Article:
When Jonathan was researching What a Carve Up!, first published 24 years ago, it was much harder to track down published information to use as reference material. “Now you have this double-edged sword where you can basically find out anything you want on the Internet in about five minutes, but you slightly miss that human contact of actually meeting someone who’s on the front line of things,” he says. “To my memory, apart from talking to a parliamentary researcher about an MP’s work-life balance, most of the research [for Middle England] was done online or by reading newspapers – it’s my very direct response to what we were all seeing and reading about in the media. I just wanted to put on record my perspective of what it felt like to live through the last eight years, to get it down on paper.”

His feeling is that we’re living through a time where recent history very rapidly becomes ancient history. “Everything’s moving so fast and so drastically that it’s hard to remember. For instance, when I was writing about the 2015 elections, I suddenly remembered what a huge moment that felt like,” he says. “We’d all been absolutely convinced that Ed Miliband’s Labour would, at the very least, make sufficient inroads for a hung parliament – and Labour supporters woke up the next morning with an incredible feeling of defeat and disbelief, but hardly anyone seems to talk about that election any more. Similarly with the 2011 riots, which were such a strange and disturbing moment in recent British history, but they hardly seem to figure in the public memory – it was only seven years ago.”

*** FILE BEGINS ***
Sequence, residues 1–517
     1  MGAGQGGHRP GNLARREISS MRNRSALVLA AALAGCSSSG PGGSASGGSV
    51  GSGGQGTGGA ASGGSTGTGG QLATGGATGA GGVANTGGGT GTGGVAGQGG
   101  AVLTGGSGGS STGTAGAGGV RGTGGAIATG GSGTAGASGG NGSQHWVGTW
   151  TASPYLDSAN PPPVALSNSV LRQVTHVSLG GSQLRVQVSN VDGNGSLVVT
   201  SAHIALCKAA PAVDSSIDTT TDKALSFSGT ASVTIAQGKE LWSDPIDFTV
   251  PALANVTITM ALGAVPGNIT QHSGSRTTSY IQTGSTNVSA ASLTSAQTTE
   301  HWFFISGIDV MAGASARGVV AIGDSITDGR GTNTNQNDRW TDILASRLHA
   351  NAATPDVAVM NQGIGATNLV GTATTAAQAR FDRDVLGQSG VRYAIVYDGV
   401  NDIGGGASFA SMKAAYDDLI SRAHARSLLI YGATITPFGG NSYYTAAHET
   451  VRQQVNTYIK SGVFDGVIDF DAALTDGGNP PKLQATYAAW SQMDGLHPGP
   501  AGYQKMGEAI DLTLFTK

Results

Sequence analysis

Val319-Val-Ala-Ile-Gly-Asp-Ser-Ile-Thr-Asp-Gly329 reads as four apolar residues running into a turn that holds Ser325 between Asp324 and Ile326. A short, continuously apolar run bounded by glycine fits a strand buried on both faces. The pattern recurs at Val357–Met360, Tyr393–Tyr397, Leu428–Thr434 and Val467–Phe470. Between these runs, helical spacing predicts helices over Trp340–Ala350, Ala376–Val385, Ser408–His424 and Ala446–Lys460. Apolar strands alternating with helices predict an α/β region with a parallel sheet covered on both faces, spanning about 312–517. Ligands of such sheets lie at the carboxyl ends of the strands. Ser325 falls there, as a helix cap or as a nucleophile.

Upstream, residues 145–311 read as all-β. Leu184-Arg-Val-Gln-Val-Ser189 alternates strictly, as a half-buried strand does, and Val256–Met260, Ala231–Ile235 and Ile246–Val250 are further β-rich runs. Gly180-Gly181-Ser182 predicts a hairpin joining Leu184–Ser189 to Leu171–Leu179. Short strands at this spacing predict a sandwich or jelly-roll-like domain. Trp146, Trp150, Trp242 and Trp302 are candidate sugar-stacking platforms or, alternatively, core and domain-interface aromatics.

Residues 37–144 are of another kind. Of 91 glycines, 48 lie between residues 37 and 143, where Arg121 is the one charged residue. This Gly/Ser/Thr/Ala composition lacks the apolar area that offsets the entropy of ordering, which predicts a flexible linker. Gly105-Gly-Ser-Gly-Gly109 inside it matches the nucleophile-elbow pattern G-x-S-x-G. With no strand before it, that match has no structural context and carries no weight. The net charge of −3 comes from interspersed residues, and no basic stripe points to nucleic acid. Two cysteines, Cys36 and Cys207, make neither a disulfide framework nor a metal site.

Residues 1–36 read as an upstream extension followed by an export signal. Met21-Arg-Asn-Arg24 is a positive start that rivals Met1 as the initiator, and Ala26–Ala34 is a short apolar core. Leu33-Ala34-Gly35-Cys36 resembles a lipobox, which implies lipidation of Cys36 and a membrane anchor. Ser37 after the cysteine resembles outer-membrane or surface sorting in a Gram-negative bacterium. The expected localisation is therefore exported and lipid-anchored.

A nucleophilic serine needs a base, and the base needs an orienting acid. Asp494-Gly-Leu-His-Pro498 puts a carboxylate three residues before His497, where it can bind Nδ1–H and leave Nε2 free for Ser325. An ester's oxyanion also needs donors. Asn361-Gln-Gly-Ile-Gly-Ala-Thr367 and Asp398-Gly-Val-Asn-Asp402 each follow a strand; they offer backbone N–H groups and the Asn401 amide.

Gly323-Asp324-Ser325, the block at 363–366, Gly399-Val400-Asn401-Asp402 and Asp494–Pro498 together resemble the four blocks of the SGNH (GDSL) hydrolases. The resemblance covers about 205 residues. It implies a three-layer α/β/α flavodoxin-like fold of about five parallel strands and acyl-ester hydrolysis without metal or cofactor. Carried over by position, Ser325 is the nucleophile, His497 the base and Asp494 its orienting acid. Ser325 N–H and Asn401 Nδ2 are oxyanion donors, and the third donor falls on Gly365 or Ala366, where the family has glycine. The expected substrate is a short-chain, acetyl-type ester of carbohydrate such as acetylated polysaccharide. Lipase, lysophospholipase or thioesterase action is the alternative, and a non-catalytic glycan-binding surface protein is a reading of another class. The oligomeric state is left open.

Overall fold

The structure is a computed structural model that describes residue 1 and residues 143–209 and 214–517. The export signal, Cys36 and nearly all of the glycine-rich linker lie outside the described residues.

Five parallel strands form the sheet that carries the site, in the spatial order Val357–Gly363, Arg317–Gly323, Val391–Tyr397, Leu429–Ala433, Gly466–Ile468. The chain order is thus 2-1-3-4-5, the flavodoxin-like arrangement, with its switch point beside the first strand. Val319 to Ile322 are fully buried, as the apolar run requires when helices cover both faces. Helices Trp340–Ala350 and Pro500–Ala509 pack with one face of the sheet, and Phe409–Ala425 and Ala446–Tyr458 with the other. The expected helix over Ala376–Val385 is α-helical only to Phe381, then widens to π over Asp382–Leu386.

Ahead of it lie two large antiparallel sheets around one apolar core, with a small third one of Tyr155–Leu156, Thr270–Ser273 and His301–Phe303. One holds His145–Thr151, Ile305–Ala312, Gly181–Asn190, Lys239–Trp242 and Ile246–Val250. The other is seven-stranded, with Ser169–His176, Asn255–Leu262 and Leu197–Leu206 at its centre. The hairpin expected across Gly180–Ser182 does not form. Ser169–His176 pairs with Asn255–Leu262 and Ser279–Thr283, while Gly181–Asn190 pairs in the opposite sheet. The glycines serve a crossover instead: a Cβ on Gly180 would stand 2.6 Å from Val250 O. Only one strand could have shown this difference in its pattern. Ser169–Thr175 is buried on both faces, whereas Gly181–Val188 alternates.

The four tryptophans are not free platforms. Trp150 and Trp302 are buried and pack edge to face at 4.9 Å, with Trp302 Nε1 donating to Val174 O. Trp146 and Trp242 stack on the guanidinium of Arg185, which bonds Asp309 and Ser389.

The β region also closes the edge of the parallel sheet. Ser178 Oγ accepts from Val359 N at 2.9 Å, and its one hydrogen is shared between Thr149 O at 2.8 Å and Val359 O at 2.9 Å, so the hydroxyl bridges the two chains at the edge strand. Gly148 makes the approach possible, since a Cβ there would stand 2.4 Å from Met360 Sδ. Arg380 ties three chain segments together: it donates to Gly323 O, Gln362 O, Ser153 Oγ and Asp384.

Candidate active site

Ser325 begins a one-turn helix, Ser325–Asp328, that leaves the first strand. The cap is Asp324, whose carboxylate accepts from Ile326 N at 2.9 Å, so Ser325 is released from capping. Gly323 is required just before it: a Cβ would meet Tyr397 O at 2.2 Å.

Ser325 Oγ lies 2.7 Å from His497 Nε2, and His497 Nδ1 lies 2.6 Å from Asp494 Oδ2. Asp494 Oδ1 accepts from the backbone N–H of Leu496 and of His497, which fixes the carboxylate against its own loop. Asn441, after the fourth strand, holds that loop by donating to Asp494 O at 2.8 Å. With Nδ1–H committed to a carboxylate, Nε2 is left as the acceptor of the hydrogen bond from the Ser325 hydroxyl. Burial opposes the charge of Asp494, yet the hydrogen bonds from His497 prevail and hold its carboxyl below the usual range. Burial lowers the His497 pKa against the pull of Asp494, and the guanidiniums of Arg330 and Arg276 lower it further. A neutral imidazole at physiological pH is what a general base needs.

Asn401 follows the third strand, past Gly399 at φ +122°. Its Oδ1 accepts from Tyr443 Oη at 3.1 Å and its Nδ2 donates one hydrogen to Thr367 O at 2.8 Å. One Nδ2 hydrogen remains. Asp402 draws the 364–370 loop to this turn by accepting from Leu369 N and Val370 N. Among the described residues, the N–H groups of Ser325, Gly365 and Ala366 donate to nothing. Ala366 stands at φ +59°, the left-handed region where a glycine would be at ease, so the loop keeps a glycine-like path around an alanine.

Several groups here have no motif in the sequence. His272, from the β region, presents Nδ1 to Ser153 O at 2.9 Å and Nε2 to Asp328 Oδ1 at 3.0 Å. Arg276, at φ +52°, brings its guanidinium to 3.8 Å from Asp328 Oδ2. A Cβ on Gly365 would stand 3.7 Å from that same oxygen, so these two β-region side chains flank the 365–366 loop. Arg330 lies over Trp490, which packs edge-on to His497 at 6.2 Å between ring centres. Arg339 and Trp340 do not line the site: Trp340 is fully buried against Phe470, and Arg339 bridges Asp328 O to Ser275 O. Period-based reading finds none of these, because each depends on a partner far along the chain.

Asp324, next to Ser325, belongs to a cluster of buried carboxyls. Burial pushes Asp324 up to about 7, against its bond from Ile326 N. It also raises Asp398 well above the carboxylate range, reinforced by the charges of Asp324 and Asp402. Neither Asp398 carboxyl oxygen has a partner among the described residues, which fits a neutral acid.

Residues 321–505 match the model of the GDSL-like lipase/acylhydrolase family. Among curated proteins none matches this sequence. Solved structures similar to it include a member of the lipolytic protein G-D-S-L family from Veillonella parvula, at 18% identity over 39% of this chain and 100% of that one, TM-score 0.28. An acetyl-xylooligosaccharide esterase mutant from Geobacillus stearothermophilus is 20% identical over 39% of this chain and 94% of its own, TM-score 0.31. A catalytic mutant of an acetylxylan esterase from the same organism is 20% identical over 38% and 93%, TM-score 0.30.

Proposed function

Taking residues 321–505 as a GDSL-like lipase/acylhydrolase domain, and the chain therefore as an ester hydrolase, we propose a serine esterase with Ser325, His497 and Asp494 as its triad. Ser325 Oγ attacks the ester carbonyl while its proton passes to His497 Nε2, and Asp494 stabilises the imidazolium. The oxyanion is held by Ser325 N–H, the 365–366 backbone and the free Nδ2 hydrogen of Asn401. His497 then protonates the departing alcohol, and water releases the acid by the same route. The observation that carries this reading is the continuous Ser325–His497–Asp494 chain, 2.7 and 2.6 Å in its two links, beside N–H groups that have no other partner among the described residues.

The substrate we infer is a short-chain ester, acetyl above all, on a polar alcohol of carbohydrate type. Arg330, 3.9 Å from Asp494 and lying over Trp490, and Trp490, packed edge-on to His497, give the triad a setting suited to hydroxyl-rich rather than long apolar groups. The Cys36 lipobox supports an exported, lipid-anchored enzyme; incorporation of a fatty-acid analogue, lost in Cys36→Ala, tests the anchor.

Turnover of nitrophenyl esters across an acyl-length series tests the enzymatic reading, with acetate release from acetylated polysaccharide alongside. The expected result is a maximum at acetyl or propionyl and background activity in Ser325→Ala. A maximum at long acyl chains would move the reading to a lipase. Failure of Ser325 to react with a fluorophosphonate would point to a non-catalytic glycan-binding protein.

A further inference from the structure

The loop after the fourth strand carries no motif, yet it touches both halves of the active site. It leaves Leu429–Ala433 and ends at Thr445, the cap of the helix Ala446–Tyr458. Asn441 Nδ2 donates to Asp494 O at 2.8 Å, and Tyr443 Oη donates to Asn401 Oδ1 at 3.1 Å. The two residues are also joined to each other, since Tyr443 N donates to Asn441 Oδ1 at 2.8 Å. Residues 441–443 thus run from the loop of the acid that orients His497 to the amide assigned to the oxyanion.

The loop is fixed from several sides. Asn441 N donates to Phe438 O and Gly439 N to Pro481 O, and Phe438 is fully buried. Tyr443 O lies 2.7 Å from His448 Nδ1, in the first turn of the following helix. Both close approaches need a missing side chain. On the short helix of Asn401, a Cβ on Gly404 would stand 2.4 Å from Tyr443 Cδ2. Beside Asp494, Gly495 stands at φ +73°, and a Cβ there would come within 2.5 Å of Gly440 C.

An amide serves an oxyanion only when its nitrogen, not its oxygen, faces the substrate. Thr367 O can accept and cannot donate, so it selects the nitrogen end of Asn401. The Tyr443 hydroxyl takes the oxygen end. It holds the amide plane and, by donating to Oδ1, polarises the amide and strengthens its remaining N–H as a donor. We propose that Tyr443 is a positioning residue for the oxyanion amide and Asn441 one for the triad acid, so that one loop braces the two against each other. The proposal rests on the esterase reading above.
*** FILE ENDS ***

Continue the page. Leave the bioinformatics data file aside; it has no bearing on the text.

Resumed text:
“I want to put these things in a book purely to remind people that they’d happened. We’ve become so amnesiac, swept up in the current of the now.”